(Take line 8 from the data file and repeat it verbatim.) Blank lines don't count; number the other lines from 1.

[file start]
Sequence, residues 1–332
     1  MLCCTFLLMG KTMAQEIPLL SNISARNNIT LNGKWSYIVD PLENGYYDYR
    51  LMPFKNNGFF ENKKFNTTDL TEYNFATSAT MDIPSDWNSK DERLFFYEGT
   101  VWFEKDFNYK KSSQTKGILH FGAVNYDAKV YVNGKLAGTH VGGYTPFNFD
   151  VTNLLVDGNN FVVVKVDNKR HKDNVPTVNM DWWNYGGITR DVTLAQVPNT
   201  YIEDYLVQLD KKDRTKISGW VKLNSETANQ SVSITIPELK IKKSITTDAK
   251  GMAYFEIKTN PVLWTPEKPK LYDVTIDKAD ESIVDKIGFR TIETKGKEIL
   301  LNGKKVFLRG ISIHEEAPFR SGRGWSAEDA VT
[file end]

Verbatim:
   301  LNGKKVFLRG ISIHEEAPFR SGRGWSAEDA VT